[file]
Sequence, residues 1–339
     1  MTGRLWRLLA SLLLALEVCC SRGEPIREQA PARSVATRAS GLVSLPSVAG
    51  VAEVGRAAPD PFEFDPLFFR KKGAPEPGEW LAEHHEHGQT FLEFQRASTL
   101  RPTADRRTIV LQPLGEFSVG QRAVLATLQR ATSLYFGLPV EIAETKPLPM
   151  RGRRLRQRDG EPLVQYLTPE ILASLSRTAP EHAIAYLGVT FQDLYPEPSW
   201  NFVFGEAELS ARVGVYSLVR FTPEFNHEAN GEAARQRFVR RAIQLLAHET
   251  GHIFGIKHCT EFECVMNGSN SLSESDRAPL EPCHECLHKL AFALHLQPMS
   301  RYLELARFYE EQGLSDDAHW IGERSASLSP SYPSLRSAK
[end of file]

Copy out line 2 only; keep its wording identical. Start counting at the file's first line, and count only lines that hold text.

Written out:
     1  MTGRLWRLLA SLLLALEVCC SRGEPIREQA PARSVATRAS GLVSLPSVAG